I’m often telling people here that they need to appreciate the interesting, locally owned restaurants we’re blessed with in Bakersfield, as those who leave town do miss our especially great Mexican restaurants and flourishing barbecue scene.
A reader asked me when J’s Place on Rosedale Highway was going to reopen because her husband said the fried catfish served there has no peer in our city. I couldn’t provide an answer, but they know how the quality of life is diminished when such places are no longer open. It may be months before restaurant life here gets back to normal.
After the pandemic it’s important to support these restaurants, especially after they go through near death experiences like Hodel’s Country Dining.
You may remember late last year during the worst of it that Hodel’s closed and there were news stories suggesting that the family was considering shutting the place down permanently. This gem was opened by Bob Hodel when he bought The Crockery Cookery Coffee Shop on Knudsen Drive back in 1967. Over the years, it's gone through many remodels but quality has never slipped. You can hardly blame them after going through generations of family keeping the place going, and it takes a lot of energy to keep a restaurant working well, the big reason we lost the Noriega Hotel last year. But Hodel’s? Really?
I thought of a social media post from an ex-Bakersfield resident who moved to Arizona talking about how Hodel’s was a place he always loved stopping at because the quality was unparalleled for a buffet restaurant. He complained that most buffets he has visited put the food out early in the morning, let it dry out, and don’t really care about quality. Hodel’s is a rare jewel, and when I last wrote about the place in 2017, I agreed.
My companion is not a fan of buffet restaurants for the very reasons listed by Mr. Social Media, but every time I take her to Hodel’s she marvels at the quality of the meal, and I’m not just talking about the famous barbecue night on Fridays (seems like some people go there every week — a great way to get ready for the weekend, I tell you). On the way out, she can’t wait to get back in the future.
The great news is that the place has reopened with lots of appropriate safeguards to keep us healthy (we will get to those) and the food quality is the same as it ever was, and a value to boot. Admittedly the hours are reduced — opening later in the morning, closing at 7 instead of 9 at night — but maybe if enough people patronize the place the family will finally commit to keep people happy for a few more decades.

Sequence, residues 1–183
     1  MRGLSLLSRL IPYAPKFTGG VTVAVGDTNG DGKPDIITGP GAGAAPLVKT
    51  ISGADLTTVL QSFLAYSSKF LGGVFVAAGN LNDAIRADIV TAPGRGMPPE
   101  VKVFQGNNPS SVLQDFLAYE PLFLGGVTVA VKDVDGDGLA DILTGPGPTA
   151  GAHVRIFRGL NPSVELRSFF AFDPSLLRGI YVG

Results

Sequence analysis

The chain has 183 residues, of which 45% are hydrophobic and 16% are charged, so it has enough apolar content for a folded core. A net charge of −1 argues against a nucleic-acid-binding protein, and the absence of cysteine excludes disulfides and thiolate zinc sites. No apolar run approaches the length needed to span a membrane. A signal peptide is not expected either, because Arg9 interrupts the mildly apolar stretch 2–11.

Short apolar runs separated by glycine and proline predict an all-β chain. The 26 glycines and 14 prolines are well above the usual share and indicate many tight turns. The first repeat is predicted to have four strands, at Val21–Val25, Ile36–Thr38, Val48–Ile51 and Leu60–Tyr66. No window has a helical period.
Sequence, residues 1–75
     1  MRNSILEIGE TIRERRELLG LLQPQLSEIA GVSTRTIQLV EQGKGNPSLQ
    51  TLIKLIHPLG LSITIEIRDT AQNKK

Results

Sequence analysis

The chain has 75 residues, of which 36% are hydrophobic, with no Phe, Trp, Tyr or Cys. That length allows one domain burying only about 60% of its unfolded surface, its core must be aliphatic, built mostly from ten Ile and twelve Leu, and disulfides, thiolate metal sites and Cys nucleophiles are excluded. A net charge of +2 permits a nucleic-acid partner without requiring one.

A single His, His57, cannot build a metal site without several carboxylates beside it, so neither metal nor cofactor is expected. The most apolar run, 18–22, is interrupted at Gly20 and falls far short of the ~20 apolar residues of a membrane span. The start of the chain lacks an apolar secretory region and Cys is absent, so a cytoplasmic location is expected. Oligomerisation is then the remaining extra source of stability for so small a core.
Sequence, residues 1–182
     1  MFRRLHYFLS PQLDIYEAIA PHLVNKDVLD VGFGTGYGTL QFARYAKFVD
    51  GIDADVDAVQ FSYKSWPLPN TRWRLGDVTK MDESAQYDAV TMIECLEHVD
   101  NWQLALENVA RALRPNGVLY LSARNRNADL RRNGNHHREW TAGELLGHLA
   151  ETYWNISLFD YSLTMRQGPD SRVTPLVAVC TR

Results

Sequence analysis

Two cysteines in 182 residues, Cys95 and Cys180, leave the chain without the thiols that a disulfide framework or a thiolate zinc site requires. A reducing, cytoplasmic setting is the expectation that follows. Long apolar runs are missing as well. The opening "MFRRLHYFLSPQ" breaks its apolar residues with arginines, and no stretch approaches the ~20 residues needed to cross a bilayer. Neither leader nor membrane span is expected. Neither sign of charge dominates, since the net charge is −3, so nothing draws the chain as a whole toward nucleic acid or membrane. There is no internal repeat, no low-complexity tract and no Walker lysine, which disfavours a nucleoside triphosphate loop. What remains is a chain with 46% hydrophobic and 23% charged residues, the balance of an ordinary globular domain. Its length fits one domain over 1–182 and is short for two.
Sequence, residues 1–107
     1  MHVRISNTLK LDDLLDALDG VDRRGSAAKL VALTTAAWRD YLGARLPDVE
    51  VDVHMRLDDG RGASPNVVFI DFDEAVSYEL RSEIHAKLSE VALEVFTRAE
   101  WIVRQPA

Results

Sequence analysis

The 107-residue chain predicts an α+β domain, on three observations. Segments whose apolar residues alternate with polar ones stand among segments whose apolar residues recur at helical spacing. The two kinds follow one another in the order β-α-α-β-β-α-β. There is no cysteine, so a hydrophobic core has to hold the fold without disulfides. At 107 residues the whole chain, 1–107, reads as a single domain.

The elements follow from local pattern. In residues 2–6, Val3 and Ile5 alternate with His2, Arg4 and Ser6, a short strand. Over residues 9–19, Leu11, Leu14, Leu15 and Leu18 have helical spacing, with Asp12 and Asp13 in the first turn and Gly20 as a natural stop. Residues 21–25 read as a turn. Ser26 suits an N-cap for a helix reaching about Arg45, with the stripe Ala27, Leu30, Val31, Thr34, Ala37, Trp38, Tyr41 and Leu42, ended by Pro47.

We went for breakfast and it was every bit as good as the last time we visited before the closure. There are rules, such as always wearing a mask when not eating and using the disposable plastic gloves they provide when going through the buffet line.
Children must be accompanied by parents, and those of us who have seen some crazy sights at Golden Corral are grateful for that. A small sacrifice to be sure.
The famous cinnamon rolls are there, as well as the omelet station, those amazingly crisp but high-quality waffles and the fresh fruit bar.
As I said, what makes the place so distinctive is the emphasis on quality. All of us have dug scrambled eggs out of a bin, often at a hotel buffet, and they’re usually dry and lifeless. Not here. The eggs, probably because they seemed to be presented in a small tin that leads to more frequent replacement, were fluffy and light, not watery or hard.
The bacon next to it is crisp, thick and so smoky. No wonder some man standing in front of me in the omelet line had to have at least 10 ounces of it piled on his plate. I tried one and even my companion was astonished at the quality. Matching that were the chunks of grilled pork sausage, with skins on. These were legions away from the small, tired Farmer John links that most places trot out.
And that’s not all. The omelet bar is always great with a dozen different ingredient options, lots of veggies including broccoli, mushrooms, olives and jalapeños. It’s actually a scramble filled with cheese if you wish, and the young man working the station was keeping people lined up after ordering and he was so cordial throughout the process, even thinking that he overcooked mine. No, it was perfect.
Of course, those famous cinnamon rolls, which I prefer to what seems to be everyone else’s favorite (Old West), are still available, and you can get a pan of them to go near the cash register. The eight different cupcakes, a feature added some time ago, are stunning, particularly the strawberry cream cheese one we sampled. There were some streaks of white and strawberry preserves visible near the top, but the cake itself was so rich that I suspect the creaminess of the cheese was extended throughout the batter. And the peach cobbler is always great, as is the bread pudding, but how much sweets can one human eat?
The only remotely negative thing I can come up with is that coffee is $2.95 extra, but at a bit over $12 for a spread like this, I was in no mood to complain.
Hodel’s Country Dining can be recommended for a fine dining experience. Go there before you move away and miss it forever.
Pete Tittl’s Dining Out column appears in The Californian on Sundays. Email him at firstname.lastname@example.org or follow him on Twitter at @pftittl.